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Sustainability // REACH


What is a SIEF?
A Substance Information Exchange Forum (SIEF) is formed once stakeholders agree that they have pre-registered the ‘same substance’ within the REACH-IT system. Participation within a SIEF is mandatory under REACH; members of a SIEF have no option to opt out but can, in most instances, decide how actively they wish to participate. The main purpose of the SIEF is to share information (thereby avoiding the duplication of studies) and to work together to compile, and submit, a joint registration dossier for the registration of the substance. If possible the SIEF members should also agree on the classification and labelling of the substance. A SIEF is composed of all legal entities who have pre-registered the same phase-in substance as well as any early registrants of the same substance. Data holders who wish to share relevant information with the potential registrants can also be members of a SIEF. Each SIEF will be operational until 1 June 2018 (the last registration deadline in REACH).

How is a SIEF formed?
All legal entities that pre-register a substance under the same substance identifiers within REACH-IT will automatically enter into the pre-SIEF for that substance. The role of SIEF Formation Facilitator (SFF) is open to the first company wishing to assume the position; the task of the SFF is to instigate substance sameness discussions amongst all pre-registrants. Once pre-registrants are in agreement that the substance they intend to register is the same the SIEF is formed after which time the work in gathering together and generating information for joint registration of that substance can begin. It may be that some SIEFs may need to split or merge after members’ discussions about sameness.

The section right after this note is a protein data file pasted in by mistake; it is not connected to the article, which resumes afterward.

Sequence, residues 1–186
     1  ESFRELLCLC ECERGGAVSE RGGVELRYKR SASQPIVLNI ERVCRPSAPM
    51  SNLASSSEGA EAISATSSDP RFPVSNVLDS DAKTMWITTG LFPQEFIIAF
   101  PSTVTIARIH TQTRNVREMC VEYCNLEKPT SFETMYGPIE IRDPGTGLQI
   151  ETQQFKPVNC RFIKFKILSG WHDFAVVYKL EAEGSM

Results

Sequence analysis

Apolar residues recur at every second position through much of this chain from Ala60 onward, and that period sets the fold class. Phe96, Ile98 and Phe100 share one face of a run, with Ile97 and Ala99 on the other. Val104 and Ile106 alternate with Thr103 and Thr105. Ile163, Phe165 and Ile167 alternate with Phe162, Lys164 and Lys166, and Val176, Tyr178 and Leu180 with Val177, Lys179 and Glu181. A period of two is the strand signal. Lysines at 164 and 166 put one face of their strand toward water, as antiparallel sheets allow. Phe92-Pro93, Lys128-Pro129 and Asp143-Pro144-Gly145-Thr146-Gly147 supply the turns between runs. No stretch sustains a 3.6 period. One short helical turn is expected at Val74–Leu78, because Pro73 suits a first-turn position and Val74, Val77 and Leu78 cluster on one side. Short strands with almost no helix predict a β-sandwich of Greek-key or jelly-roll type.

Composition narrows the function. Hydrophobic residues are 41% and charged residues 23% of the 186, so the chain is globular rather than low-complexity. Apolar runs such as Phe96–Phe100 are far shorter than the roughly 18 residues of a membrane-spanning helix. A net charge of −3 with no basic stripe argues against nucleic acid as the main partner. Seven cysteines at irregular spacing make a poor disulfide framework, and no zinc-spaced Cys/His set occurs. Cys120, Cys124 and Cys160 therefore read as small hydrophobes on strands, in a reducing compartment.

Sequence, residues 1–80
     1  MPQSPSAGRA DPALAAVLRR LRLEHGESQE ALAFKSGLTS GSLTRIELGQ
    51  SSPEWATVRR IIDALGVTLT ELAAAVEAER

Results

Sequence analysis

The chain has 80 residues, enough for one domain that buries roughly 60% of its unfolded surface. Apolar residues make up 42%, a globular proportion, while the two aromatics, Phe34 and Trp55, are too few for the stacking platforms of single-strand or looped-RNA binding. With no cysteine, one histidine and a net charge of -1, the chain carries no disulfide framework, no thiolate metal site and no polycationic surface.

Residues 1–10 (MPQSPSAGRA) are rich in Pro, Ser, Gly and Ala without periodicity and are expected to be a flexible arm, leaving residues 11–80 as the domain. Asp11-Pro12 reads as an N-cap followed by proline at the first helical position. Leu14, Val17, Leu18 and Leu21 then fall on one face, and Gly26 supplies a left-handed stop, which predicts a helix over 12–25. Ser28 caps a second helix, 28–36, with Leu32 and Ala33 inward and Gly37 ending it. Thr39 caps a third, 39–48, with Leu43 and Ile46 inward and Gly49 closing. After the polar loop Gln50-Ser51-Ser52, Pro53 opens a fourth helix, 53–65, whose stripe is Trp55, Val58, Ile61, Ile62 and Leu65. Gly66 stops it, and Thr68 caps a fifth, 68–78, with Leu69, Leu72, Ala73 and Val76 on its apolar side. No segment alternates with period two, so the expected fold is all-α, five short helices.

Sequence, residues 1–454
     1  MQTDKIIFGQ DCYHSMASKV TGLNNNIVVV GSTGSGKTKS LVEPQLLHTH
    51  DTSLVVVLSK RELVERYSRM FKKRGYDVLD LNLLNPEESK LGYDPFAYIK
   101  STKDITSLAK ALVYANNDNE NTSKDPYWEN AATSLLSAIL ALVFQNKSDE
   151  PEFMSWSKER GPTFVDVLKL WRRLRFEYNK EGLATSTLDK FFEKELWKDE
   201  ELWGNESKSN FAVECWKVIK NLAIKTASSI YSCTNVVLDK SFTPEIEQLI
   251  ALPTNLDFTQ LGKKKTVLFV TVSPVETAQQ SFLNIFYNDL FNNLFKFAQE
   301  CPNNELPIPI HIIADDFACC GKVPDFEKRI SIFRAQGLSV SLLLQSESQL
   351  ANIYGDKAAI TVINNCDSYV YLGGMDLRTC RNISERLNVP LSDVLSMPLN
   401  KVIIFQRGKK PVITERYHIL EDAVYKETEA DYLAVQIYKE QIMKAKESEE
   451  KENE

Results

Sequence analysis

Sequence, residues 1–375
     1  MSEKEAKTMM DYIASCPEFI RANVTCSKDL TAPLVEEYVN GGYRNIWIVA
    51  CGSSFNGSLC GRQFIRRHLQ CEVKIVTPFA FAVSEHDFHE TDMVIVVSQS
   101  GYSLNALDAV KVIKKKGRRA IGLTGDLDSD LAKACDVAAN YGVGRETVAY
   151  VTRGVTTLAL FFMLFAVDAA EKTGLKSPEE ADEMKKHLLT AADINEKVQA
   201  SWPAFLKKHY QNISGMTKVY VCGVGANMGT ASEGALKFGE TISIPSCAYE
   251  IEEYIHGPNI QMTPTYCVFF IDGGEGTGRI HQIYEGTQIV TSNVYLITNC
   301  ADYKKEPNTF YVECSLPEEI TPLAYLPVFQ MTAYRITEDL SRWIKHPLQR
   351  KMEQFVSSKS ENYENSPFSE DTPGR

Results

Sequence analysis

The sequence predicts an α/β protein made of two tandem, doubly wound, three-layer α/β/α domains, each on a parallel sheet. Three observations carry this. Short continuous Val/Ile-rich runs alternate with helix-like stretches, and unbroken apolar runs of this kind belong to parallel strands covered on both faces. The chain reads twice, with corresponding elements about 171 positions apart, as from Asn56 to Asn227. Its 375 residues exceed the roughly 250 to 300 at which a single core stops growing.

How is a SIEF organised?
It is up to individual legal entities to decide how to organise the SIEFs they are in; ECHA will not oversee the work of the SIEFs. It is assumed that the SFF will help organise the SIEF until a Lead Registrant (LR) is appointed. Most SIEFs have a set of specially designated operating rules for their members to abide by laying out the terms involved with data sharing and joint submission. Although the REACH Regulation does not define how the SIEFs should operate it does stipulate some requirements of SIEF participants to: react to requests for information from other participants and to provide other participants with existing studies upon request. Potential registrants shall also: request missing information needed for their registration dossiers from other SIEF participants collectively identify needs for further studies to comply with registration requirements, make arrangements to perform the identified studies, and agree on classification and labeling.